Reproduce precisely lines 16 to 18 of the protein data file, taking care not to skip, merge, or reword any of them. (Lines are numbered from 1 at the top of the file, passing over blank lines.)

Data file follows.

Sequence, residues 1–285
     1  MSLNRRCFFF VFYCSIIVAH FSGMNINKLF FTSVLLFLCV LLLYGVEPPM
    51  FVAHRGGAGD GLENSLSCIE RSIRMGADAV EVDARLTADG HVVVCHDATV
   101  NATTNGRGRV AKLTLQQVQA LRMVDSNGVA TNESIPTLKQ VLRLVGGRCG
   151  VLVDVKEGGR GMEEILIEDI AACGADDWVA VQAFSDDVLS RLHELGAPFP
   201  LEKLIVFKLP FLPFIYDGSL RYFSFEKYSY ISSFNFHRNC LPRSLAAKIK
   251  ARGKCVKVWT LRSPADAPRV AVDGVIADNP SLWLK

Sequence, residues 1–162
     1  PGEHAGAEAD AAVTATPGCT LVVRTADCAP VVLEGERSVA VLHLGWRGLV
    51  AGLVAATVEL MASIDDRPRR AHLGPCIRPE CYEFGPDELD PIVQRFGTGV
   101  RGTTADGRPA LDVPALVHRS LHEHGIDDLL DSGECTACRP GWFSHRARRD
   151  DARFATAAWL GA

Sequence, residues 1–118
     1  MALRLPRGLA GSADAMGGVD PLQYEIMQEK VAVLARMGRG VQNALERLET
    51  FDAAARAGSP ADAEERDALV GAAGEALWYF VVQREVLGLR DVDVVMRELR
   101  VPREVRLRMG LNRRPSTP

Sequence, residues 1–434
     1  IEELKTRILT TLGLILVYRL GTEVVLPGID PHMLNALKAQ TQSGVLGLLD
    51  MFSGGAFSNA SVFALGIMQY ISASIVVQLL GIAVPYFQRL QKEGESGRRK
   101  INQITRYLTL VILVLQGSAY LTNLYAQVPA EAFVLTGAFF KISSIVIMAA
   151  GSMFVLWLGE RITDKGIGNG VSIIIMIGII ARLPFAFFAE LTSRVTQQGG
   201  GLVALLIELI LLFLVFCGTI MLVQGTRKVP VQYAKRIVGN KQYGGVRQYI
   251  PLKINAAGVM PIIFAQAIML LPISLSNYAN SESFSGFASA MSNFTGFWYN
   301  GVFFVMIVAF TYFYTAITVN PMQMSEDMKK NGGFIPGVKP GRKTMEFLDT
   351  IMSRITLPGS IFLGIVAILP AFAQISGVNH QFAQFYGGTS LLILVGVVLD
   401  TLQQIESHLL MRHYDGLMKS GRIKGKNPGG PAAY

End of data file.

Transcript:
   101  VPREVRLRMG LNRRPSTP

Sequence, residues 1–434
     1  IEELKTRILT TLGLILVYRL GTEVVLPGID PHMLNALKAQ TQSGVLGLLD